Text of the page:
Should the American colonists have been Patriots or Loyalists?

Essay by pepsiholicJunior High, 9th gradeA+, March 2003

download word file, 4 pages 5.0

Following the French and Indian War, the French were driven out of North America and Britain was in debt; they expected the colonists to help pay this back. After the war, there was tension between the British soldiers and the colonists. In Boston, fights broke out, leading to the Boston Massacre, where a mob threatened British soldiers. The colonists despised British soldiers, and vice versa. Soon, it became clear that a British colonist in North America had to make a choice: to become a Patriot, opposing British rule, or a Loyalist, supporting British rule. Patriots protested the fair taxes and policies imposed on them, boycotting goods and committing violence. They used propaganda to feed the public false information. On the other hand, Loyalists felt that they should have been loyal to the mother country and King George III. Consequently, colonial radicals tarred and feathered Loyalists, a painful and humiliating torture.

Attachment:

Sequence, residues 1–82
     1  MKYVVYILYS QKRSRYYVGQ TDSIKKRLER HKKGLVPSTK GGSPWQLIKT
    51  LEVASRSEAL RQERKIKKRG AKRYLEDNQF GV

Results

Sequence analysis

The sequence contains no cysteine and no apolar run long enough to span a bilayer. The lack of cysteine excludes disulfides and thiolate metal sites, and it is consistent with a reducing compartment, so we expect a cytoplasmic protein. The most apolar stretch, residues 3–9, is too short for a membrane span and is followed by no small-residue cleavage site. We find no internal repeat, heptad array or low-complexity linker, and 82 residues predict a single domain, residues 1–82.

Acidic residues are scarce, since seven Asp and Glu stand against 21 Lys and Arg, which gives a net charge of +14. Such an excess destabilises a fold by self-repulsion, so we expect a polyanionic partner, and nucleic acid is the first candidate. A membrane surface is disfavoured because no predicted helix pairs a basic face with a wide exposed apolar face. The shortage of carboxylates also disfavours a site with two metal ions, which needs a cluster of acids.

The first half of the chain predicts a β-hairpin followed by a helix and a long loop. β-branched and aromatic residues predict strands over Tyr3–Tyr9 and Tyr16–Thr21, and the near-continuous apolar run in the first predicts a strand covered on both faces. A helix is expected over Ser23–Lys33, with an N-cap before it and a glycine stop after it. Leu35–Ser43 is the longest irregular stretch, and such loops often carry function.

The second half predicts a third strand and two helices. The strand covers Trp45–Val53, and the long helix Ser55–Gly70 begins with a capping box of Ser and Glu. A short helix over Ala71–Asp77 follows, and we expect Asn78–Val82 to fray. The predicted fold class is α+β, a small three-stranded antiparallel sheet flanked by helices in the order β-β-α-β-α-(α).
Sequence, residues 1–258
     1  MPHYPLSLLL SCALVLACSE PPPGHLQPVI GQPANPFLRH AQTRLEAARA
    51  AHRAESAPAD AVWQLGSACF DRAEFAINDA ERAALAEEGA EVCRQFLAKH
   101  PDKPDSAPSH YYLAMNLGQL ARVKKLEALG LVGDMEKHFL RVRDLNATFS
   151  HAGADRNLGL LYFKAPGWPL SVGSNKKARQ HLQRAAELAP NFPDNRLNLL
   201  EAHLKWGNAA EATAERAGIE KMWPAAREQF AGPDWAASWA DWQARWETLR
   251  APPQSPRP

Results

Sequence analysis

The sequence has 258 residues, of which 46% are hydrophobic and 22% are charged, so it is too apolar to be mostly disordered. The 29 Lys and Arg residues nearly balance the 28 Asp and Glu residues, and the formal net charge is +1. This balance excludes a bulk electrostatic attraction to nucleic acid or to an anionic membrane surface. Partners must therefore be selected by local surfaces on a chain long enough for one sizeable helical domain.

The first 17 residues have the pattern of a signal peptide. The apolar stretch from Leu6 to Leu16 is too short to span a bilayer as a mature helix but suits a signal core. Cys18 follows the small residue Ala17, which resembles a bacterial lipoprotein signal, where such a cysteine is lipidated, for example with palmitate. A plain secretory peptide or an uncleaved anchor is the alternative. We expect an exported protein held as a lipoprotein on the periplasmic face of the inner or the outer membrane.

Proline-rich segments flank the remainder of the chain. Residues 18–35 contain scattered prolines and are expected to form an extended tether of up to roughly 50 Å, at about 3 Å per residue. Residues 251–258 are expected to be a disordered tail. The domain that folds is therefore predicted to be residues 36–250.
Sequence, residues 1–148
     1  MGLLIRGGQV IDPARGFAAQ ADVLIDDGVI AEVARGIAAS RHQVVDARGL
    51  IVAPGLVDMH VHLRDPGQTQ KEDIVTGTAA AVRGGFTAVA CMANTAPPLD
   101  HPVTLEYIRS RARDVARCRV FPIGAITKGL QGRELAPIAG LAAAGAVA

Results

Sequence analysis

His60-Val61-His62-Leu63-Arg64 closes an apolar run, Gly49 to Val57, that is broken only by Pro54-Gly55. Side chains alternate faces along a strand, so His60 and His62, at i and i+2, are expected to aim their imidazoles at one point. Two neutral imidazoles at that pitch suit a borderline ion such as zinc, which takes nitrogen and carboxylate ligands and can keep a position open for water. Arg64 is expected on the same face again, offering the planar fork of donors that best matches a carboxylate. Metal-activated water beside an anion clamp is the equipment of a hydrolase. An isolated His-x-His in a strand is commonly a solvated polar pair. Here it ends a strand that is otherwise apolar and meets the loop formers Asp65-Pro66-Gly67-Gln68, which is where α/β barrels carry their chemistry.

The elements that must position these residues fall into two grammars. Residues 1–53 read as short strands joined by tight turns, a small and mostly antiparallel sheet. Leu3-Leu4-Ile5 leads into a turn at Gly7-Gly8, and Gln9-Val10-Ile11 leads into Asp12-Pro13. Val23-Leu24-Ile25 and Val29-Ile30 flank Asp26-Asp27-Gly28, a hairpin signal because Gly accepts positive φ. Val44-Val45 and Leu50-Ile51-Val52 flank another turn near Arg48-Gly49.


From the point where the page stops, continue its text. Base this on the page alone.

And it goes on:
As one can see, Great Britain protected and defended the colonies, earning the right to impose taxes and laws, and those taxes were fair and beneficial to the colonists - therefore proving that one should be a Loyalist.

Great Britain was the mother country of the North American colonies; it protected and defended them with its soldiers and without it, the colonies would not have existed, giving the British the right to control them. For example, the British protected the colonies during the French and Indian War. George Washington and his troops started the war with the skirmish at Fort Duquesne, yet the British had to finish the war for them. The colonists could not defend themselves, as most were farmers; on the other hand, the British had many more troops that were professional and well trained. William Pitt had sent thousands of soldiers to help...